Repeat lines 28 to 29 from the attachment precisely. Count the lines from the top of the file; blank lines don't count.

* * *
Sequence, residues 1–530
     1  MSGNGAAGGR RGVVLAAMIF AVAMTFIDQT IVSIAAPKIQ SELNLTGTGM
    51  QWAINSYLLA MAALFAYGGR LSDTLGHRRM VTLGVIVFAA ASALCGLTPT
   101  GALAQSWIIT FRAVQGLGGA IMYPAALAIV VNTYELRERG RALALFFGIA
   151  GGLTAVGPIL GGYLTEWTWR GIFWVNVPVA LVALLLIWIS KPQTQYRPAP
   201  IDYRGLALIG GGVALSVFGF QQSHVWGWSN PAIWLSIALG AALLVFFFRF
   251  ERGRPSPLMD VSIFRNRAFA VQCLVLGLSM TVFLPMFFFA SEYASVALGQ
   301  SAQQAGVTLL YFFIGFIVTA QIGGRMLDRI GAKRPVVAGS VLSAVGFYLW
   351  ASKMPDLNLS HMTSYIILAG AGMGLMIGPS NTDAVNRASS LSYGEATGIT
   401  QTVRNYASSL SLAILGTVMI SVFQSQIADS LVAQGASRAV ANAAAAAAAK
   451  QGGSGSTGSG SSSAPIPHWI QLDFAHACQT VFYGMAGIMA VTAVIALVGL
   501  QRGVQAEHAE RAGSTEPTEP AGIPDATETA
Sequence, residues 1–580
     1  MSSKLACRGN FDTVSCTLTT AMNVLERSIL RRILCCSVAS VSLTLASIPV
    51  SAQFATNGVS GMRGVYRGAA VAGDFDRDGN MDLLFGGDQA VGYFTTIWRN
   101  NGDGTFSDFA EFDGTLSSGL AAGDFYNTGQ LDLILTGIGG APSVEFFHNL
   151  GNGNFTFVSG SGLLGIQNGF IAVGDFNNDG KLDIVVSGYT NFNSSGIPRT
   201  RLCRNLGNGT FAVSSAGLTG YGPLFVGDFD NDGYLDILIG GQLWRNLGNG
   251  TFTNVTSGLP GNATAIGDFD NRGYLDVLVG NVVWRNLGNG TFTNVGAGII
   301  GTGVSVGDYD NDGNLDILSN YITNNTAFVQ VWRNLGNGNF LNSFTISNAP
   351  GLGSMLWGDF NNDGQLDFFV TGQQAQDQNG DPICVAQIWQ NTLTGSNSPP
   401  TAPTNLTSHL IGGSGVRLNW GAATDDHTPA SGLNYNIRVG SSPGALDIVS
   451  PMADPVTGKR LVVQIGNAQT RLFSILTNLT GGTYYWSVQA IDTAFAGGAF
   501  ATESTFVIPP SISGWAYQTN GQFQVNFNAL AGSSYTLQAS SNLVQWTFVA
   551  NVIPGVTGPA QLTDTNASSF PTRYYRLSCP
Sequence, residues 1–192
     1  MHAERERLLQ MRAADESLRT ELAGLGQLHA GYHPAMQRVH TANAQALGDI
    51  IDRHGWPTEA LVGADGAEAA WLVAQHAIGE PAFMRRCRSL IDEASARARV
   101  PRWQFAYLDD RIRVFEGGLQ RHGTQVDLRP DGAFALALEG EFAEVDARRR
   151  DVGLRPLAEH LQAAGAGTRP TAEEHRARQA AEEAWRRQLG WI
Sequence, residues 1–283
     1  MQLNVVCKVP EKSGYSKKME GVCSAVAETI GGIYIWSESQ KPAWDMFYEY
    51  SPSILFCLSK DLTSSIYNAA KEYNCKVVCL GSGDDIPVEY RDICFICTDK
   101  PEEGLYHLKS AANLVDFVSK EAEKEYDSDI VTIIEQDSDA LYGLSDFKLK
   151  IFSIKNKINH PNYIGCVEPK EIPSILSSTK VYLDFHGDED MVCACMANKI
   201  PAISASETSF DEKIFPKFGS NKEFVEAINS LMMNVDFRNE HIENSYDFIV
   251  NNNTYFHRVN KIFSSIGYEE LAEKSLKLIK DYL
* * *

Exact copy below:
    51  IDRHGWPTEA LVGADGAEAA WLVAQHAIGE PAFMRRCRSL IDEASARARV
   101  PRWQFAYLDD RIRVFEGGLQ RHGTQVDLRP DGAFALALEG EFAEVDARRR